For example, some students like the idea of going to a college in a city because of the general excitement that cities offer, the many cultural opportunities that are available, the diversity of the people and the likely diversity of the college students, and the ease of getting around by public transportation (in some cities more than others). Some parents hate the idea of sending their teenager to college in a city because of safety issues, too many distractions from studying, and the likelihood that city living will be expensive.

On the other hand, for example, some students and parents like the idea of a rural campus, perhaps in or near a small town somewhere, where students are safe on and off campus, the environment is unspoiled, the campus itself is idyllic, there are fewer distractions from studying, and living costs are relatively low.

Some students are dying to get away from the type of community they grew up in, and others cannot imagine fitting in or being comfortable in a new physical and social environment. So, is the type of community setting a deal breaker for you or your teenager?

3. Colleges with Certain Majors or Certain Activities?

In our first series, Understanding the World of College, we discussed colleges that are known for their academic specialties, like music or art or engineering or business. Some specialized colleges teach only that subject—like Berklee College of Music. Others have strong specialized schools or colleges within a larger university—like the School of Hotel Administration at Cornell University. Others have strong departments in certain fields—like the Department of Theatre at Northwestern University or the modern languages departments at Middlebury College.

If your teenager has a particular field of study in mind, then you will need to find a college that offers or specializes in that major. Some majors are easy to find and are offered by most (though not all) colleges—like English and mathematics and history. Others are harder to find, especially technical majors—like architecture and engineering and computer science. Although many students will change their minds about a major after a month or a year or even two years in college, those going into college with a clear idea of what they want to study will probably need to make the availability of that major a deal breaker in putting colleges on their list.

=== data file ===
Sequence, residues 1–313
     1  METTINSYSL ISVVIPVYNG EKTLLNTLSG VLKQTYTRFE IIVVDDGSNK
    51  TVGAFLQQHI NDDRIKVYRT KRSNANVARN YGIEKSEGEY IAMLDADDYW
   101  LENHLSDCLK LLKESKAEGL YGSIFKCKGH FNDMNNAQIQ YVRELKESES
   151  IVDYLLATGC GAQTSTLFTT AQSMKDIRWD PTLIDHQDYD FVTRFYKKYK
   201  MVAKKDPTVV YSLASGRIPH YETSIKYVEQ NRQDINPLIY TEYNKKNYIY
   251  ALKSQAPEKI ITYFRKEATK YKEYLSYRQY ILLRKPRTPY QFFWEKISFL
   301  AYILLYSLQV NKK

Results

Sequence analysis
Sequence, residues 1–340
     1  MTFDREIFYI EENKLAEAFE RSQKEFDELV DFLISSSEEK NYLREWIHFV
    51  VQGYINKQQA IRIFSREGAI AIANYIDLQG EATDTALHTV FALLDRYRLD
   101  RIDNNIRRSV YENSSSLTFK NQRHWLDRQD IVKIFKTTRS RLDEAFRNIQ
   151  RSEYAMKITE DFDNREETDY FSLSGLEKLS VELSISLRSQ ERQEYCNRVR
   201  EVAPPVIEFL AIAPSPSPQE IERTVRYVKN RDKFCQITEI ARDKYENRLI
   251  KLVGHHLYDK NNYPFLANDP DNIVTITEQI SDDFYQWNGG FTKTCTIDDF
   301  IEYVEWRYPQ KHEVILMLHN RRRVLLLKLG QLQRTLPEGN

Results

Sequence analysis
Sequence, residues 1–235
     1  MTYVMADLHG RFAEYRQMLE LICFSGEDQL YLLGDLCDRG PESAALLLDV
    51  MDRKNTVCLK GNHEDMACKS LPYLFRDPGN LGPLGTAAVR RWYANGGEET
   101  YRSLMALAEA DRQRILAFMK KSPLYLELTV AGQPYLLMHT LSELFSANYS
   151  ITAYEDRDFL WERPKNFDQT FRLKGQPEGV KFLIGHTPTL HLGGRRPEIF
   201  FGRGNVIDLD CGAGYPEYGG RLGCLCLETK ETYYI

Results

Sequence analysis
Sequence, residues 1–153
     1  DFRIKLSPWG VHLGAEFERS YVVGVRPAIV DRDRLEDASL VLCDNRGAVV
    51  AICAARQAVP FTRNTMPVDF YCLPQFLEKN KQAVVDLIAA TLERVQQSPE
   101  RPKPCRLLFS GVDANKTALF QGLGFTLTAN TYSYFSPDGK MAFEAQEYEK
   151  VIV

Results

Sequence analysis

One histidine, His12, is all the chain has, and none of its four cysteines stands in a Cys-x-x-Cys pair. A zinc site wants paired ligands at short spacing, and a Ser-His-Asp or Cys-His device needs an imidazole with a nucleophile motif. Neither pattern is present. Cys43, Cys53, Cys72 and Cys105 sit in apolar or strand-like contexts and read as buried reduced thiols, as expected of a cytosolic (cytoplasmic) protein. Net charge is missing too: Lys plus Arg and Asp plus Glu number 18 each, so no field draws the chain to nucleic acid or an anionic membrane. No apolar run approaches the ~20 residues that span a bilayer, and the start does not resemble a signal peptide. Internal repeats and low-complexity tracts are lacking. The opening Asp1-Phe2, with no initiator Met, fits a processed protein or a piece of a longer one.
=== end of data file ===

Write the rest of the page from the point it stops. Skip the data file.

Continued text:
Sometimes an extracurricular activity is just as important to a teenager—and even to a parent—as the academic part of college. Sports teams are probably the prime example. Your family might be looking for—rather, insisting on—a college with a competitive football, swimming, track, basketball, lacrosse, or crew program and so on. Sports teams could be a deal breaker for both boys and girls, of course. We would like to imagine that other activities would have the same appeal—for example, a great school newspaper, like The Cornell Daily Sun, for a long time Ithaca’s only morning newspaper; or a great glee club, like Yale University’s; or a great drama group, like the University of Pennsylvania’s Mask and Wig Club. But sports teams are probably it.

One more thing to say about sports: If your teenager has not been playing on high-powered high school teams or competitive community teams and has not been in serious talks with college recruiters before you start making your college list, he or she is not going to get a big sports scholarship. Some students harbor the dream that a sports scholarship is the way they will get to college and that professional sports is the way they will make a living after that. If you have a teenager with this mindset, make sure you get a real appraisal of his or her athletic ability from a reliable high school coach or administrator as soon as possible.

4. Colleges with a Special Focus?

Another topic we discussed in our first series was the many colleges that have a special focus—that is, single-sex colleges, faith-based colleges, colleges for students with special needs (like learning disabilities or hearing impairment), colleges with online courses or whole online degrees, the military service academies, historically black colleges and universities (HBCUs) and Hispanic-serving institutions (HSIs), and so on. Any of these options could become a decisive factor in choosing colleges.